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Spain sees 900 new deaths in 24 hours as death toll nears 11,000 fatalities

Spain is currently dealing with over 117,000 confirmed cases of the virus.

Health workers wear protective suits to protect from coronavirus work at a nursing home in Madrid, Spain.
Health workers wear protective suits to protect from coronavirus work at a nursing home in Madrid, Spain.

MORE THAN 900 people have died in Spain over the past 24 hours for the second day running, government figures showed today, although the rate of new infections and deaths continued to slow. 

Spain has the world’s second-highest death toll after Italy with the virus so far claiming 10,935 lives – 932 in the past day – from 117,710 confirmed cases.

But health ministry figures confirm a consistent downward trend in the rate of new cases and fatalities. 

The latest numbers show the rate of infection up by 6.8%, compared with 7.9% on Thursday and 20 percent in the middle of last week. 

And the daily rise in deaths also slowed to 9.3% today, down from 10.5% on Thursday, and a big drop from the 27% increase on 25 March.

Spain is the second-worst hit European country after Italy which has seen 14,000 deaths as a result of the virus. 

Italian Prime Minister Giuseppe Conte continued to call for supports from the EU.

Today, he extended his feud about coronavirus money with EU Commission chief Ursula von der Leyen in the pages of a newspaper.

“Dear Ursula,” he wrote in a letter to La Repubblica, “I hear ideas (from you) not worthy of Europe. The decisions we make today will be remembered for years.”

He called for “more ambition, more unity and more courage” from the EU, in response to a letter from von der Leyen in the same paper on Thursday where she had promised more support for Italy.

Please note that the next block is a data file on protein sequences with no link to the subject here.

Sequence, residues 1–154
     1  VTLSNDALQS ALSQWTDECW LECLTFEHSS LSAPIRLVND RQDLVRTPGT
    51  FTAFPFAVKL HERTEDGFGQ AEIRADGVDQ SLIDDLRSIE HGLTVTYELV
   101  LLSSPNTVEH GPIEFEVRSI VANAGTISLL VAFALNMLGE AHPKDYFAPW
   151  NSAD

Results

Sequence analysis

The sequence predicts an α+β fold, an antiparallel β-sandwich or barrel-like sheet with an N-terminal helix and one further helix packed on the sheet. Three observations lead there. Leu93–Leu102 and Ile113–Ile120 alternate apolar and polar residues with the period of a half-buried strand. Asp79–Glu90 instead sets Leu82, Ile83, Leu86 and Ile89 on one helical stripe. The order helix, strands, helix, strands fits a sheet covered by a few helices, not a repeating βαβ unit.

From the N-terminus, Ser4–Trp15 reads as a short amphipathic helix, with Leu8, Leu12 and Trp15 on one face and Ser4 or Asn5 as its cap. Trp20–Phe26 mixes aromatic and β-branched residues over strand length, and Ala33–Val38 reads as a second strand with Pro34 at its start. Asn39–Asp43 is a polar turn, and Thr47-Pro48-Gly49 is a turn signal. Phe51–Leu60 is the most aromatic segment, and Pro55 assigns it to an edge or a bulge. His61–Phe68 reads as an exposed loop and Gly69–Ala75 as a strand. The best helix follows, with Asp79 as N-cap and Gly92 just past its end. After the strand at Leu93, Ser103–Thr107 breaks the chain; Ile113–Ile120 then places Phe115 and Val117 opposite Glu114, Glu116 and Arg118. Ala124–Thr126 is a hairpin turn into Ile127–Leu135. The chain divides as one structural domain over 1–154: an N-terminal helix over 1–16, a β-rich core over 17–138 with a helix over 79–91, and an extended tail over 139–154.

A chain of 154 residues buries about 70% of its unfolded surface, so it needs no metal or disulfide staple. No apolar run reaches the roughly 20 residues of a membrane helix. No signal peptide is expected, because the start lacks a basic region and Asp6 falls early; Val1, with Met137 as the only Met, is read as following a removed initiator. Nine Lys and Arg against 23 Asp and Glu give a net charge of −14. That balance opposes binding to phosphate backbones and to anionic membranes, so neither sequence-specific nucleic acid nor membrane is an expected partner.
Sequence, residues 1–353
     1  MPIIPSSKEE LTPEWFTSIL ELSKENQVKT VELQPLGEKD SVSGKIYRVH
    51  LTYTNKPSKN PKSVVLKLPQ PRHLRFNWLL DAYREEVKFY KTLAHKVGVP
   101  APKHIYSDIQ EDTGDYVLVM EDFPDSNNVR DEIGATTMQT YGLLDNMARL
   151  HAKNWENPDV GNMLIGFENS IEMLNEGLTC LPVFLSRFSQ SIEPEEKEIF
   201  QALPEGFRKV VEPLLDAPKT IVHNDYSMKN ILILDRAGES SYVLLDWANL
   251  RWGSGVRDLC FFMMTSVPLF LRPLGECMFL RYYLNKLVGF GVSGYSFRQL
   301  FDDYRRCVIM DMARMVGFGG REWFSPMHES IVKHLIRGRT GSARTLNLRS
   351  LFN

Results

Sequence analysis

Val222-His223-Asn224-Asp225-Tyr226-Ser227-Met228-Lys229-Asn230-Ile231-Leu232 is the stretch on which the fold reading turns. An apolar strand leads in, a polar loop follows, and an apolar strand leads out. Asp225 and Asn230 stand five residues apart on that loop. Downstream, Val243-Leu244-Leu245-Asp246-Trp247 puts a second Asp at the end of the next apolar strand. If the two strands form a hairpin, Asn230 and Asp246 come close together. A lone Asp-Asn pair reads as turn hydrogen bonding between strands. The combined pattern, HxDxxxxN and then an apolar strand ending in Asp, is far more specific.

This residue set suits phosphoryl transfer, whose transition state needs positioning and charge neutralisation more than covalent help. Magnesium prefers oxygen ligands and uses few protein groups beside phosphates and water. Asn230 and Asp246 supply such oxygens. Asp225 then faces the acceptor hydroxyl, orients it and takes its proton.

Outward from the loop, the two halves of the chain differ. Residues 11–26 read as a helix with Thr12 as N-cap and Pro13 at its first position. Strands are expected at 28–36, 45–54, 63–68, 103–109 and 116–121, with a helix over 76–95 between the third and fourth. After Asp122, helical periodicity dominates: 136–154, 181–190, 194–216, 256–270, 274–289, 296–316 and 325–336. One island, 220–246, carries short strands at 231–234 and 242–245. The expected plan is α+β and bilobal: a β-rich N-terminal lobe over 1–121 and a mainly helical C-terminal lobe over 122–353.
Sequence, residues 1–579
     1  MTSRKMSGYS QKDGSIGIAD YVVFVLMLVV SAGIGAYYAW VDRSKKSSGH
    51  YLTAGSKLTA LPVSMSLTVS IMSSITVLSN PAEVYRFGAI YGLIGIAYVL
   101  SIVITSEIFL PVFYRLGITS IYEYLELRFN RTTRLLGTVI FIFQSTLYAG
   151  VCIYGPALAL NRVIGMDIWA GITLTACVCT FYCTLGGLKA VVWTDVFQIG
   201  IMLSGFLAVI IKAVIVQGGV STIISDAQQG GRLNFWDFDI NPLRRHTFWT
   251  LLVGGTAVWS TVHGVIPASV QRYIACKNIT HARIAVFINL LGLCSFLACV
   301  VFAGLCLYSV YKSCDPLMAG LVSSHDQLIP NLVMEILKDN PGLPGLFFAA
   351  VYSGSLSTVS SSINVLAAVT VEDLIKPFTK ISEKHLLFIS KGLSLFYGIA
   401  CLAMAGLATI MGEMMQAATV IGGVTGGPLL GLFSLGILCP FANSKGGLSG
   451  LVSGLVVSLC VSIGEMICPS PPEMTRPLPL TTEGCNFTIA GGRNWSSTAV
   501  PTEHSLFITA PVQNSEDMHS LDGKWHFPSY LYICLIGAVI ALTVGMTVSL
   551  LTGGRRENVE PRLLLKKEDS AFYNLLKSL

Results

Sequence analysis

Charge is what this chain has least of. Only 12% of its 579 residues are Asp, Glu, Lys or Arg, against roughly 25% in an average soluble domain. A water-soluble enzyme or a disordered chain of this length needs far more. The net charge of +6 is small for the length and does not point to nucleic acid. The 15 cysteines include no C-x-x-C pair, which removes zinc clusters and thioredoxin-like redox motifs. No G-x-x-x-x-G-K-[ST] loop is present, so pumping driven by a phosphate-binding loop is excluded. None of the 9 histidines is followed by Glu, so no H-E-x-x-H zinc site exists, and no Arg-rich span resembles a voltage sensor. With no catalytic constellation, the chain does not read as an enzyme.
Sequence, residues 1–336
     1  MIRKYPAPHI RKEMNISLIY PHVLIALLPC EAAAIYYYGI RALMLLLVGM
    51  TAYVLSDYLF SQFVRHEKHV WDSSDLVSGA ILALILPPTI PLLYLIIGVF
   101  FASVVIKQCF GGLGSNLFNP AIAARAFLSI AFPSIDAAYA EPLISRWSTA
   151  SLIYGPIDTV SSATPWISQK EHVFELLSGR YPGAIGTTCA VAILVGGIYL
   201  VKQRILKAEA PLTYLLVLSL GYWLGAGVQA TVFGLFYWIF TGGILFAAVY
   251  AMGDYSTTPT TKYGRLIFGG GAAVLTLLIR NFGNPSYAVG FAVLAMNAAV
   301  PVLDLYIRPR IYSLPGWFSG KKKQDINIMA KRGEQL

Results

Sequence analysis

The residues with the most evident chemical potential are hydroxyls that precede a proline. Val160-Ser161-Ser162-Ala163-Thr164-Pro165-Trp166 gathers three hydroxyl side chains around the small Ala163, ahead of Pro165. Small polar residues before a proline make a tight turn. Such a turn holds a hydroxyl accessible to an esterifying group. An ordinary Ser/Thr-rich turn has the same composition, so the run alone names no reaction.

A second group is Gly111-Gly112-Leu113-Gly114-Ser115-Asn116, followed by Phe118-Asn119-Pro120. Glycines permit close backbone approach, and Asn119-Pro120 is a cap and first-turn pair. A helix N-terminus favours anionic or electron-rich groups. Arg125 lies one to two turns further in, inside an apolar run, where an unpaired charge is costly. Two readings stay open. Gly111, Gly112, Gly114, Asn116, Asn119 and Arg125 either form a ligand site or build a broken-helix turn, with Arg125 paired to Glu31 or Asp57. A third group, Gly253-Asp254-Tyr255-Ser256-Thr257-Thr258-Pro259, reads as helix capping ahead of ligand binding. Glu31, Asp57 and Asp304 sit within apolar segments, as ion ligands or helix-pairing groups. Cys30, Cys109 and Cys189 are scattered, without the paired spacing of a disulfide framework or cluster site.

Conte wants the whole bloc to share the risk by issuing billions of euros in so-called coronabonds, helping Italy to borrow more cheaply to fight a pandemic that has killed nearly 14,000 people and shattered the country’s economy.

Von der Leyen has sided with Germany and some other northern European countries, who argue that pooled risk could raise their borrowing costs.

She prefers an EU-wide guarantee that could raise €100 billion for the specific purpose of helping national unemployment schemes.

Conte said he “welcomed” the EU’s initiative but made it clear that he still wanted the coronabonds.

“When fighting a war, you must do everything possible to win and equip yourself with all the tools needed for the reconstruction,” Conte wrote.

This required “innovative tools such as the European Recovery Bonds”.

He said the bonds were “useful to finance the extraordinary efforts that Europe will have to put in place” and “are in no way aimed at sharing the debt that each of our countries has inherited from the past”.

EU leaders failed to find a common response last week and gave their finance ministers until next Thursday to agree on something useful.

Von der Leyen’s Latvian deputy Valdis Dombrovskis told La Repubblica newspaper Friday that nothing was being ruled.

“We are open to every option,” Dombrovskis wrote. “We need an ambitious, coordinated and effective response.”

Italy’s toll from the new disease reached 13,915 yesterday, more than any other country.

Its three-week lockdown to stop the spread has been extended through at least mid-April and its economy is expected to suffer its biggest peacetime shock since World War II.

Civil protection service chief Angelo Borrelli told RAI television that Italians would probably “have to stay at home for many more weeks”.

© – AFP 2020

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